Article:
The Lower Zambezi National Park in Zambia has often been described as an “undiscovered and unspoiled” wilderness area. This year, however, this national park on the banks of the Zambezi River received global attention as well as many prestigious accolades.
The biggest attraction of the Lower Zambezi is that it is still authentic and real. It’s an area of the world where wild animals freely roam the unfenced safari camps and where Africa’s most unspoiled nature stretches out in front of you with not another human in sight.
The Zambezi, which means “great river” in the language of the Tonga people, is a river valley known for its bountiful wildlife, such as buffaloes, fish eagles and herds of elephants. The area was a private sanctuary of Zambia’s then-president before it was declared a national park in 1983.
The Lower Zambezi National Park covers 140,000 acres of pristine wilderness and is home to a variety of wildlife, including wild dogs, elephants, leopards, lion, hippos, buffaloes, zebras and kudus, to name just a few. Unesco declared several areas of the Lower Zambezi World Heritage sites, mainly because it is home to a “remarkable concentration of wildlife.” The diversity of animals is not as wide as other more renowned parks, but the opportunities to get close to game wandering in and out of the Zambezi River are plentiful.
During a canoe trip on the river, travelers might encounter 10 or more hippos, peeking curiously above the water surface. Also, island-hopping” buffaloes — there are several rocky islands in the Zambezi River — and waterbucks are commonly seen, not to mention prolific birdlife and fishing.
Two new camps opened in this beautiful wilderness area in 2022.
Earlier this year, African Bush Camps opened Lolobezi, which it describes as a wild, remote, luxurious experience on the Zambezi. Set on roughly 12 acres of protected wilderness, the lodge has been designed to make the most of the 1 kilometer of private river frontage. Leopard and lion hunting in camp is not uncommon, but what is special is the wild dog pack in the area that displays unique hunting habits.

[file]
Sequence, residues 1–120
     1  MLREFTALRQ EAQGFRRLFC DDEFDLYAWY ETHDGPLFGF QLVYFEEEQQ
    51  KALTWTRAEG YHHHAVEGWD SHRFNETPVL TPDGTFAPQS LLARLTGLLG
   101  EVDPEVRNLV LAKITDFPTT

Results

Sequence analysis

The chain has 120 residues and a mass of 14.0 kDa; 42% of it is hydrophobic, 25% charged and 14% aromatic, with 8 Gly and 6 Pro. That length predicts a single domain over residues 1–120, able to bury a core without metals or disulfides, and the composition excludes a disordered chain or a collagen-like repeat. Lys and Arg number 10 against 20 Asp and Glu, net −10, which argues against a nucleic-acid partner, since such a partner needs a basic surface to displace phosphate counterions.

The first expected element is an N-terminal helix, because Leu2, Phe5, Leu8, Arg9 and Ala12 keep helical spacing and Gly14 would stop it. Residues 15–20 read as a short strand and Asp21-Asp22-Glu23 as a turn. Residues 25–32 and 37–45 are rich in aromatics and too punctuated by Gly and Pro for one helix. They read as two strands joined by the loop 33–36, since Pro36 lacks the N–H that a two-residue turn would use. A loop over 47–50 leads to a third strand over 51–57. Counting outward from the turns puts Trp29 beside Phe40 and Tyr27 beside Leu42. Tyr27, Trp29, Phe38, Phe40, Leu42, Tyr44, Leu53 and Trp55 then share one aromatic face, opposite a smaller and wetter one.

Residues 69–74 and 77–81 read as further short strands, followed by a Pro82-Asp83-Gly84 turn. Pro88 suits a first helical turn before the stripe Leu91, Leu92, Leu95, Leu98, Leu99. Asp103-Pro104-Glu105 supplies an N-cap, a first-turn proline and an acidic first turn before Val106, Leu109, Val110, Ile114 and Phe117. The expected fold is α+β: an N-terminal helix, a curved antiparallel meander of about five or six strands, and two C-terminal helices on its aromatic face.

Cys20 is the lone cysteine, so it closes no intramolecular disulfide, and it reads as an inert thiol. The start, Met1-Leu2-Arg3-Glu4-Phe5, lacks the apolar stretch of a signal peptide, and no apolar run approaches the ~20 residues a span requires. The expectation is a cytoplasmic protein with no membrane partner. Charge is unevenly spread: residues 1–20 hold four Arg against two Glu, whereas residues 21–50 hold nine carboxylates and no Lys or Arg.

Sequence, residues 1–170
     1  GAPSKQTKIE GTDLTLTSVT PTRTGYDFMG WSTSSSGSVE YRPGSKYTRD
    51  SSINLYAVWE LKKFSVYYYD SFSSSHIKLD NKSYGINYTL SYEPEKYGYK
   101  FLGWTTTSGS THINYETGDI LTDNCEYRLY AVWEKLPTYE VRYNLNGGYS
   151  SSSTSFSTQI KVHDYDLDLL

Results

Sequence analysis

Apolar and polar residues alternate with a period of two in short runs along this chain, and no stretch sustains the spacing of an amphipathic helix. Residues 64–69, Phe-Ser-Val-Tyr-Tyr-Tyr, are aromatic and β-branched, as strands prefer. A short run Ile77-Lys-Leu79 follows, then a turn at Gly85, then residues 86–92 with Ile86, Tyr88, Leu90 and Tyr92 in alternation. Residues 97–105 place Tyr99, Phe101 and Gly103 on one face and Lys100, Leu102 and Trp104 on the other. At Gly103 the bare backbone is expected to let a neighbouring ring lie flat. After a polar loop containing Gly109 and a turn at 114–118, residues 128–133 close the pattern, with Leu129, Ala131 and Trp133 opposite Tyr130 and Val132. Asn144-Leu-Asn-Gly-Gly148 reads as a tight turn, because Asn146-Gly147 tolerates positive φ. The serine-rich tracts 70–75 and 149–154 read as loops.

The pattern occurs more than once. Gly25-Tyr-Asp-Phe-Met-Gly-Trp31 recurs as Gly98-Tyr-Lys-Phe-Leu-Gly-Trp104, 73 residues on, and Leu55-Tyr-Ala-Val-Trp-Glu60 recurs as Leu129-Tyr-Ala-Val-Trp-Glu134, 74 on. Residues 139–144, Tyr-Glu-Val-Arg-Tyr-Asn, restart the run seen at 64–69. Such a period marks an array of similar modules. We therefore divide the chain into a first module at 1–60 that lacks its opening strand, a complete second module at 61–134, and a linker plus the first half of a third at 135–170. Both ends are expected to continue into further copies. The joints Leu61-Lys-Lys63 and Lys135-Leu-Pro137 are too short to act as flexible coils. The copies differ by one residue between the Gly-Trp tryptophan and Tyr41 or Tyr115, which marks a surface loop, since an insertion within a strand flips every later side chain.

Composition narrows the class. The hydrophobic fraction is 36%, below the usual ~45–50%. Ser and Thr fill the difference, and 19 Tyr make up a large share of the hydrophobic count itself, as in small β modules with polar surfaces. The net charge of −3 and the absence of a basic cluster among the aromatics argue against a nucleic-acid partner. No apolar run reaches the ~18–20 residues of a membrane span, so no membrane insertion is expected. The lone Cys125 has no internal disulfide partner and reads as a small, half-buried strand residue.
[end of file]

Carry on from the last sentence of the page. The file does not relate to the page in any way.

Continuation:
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Each suite at Lolobezi has a private plunge pool, perfect for whiling away the hot African afternoons, gin and tonic in hand, watching the great river flow slowly past. For those looking for even more relaxation, there is an on-site spa with qualified treatment specialists as well as a yoga deck.
A new family-owned, luxury boutique lodge, Zambezi Grande, also opened on the banks of the game-filled Zambezi River in Zambia. The Zambezi Grande is geared toward nature-lovers and features a great number of outdoor activities, including morning and afternoon game drives, river cruises, walking safaris and fishing for tiger fish. The 10-room lodge sleeps just 20 people and offers two room categories: luxury rooms and exclusive suites, each providing privacy and unobstructed views of the Zambian wilderness.
The Zambezi Grande is known for its river safaris, where guests can explore by boat along the Zambezi River, experiencing a glimpse of the country’s unspoiled natural offerings. This unique safari offers guests the possibility to encounter wildlife lingering on the banks in their natural habitat in an unobtrusive fashion.
The lodges in the lower Zambezi are remote and luxurious and offer a night sky without light pollution. Here you will see the most impressive blanket of stars, including mind-boggling views of the shimmering Milky Way. The lodges contribute to this feeling of being in a place where the modern world has yet to intrude upon nature.
Great Plains steps in
Another drawing card of the lower Zambezi is that not just the park but the entire area is a wildlife sanctuary. On the opposite bank is Zimbabwe’s famous Mana Pools National Park and the Sapi Reserve. This is where the Great Plains Foundation recently launched Project Rewild Zambezi, its most ambitious project to date.
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Given its pivotal position in the conservation of the broader Zambezi Valley, Great Plains took on the responsibility for managing this landscape, reclaiming it for wildlife and ending hunting. In September this year, Project Rewild Zambezi successfully translocated 101 elephants and 184 impala on a 600-plus-mile journey across Zimbabwe from the Save Valley Conservancy to Great Plains Conservation’s private Sapi Reserve.
This unique wilderness area in Zambia is definitely worth a visit. And with Zambia having waived visa requirements for U.S. travelers, it has become even easier to visit.
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